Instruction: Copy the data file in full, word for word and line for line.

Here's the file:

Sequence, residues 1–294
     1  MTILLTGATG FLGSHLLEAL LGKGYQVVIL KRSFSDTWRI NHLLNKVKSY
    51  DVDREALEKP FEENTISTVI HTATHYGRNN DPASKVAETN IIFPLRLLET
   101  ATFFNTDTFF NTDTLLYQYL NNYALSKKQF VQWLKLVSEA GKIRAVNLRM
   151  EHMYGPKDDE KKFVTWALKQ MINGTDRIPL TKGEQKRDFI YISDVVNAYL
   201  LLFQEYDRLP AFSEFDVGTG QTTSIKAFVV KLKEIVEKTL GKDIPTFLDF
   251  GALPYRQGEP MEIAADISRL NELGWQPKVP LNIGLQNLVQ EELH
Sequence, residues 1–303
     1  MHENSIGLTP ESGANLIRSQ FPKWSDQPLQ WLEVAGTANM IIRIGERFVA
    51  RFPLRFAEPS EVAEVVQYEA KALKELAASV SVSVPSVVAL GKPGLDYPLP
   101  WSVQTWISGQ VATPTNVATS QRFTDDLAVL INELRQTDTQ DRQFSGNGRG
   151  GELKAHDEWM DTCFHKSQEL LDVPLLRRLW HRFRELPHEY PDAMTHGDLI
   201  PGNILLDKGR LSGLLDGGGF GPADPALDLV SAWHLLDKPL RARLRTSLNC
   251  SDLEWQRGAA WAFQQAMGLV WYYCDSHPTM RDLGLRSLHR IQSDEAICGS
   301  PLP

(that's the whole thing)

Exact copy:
Sequence, residues 1–294
     1  MTILLTGATG FLGSHLLEAL LGKGYQVVIL KRSFSDTWRI NHLLNKVKSY
    51  DVDREALEKP FEENTISTVI HTATHYGRNN DPASKVAETN IIFPLRLLET
   101  ATFFNTDTFF NTDTLLYQYL NNYALSKKQF VQWLKLVSEA GKIRAVNLRM
   151  EHMYGPKDDE KKFVTWALKQ MINGTDRIPL TKGEQKRDFI YISDVVNAYL
   201  LLFQEYDRLP AFSEFDVGTG QTTSIKAFVV KLKEIVEKTL GKDIPTFLDF
   251  GALPYRQGEP MEIAADISRL NELGWQPKVP LNIGLQNLVQ EELH
Sequence, residues 1–303
     1  MHENSIGLTP ESGANLIRSQ FPKWSDQPLQ WLEVAGTANM IIRIGERFVA
    51  RFPLRFAEPS EVAEVVQYEA KALKELAASV SVSVPSVVAL GKPGLDYPLP
   101  WSVQTWISGQ VATPTNVATS QRFTDDLAVL INELRQTDTQ DRQFSGNGRG
   151  GELKAHDEWM DTCFHKSQEL LDVPLLRRLW HRFRELPHEY PDAMTHGDLI
   201  PGNILLDKGR LSGLLDGGGF GPADPALDLV SAWHLLDKPL RARLRTSLNC
   251  SDLEWQRGAA WAFQQAMGLV WYYCDSHPTM RDLGLRSLHR IQSDEAICGS
   301  PLP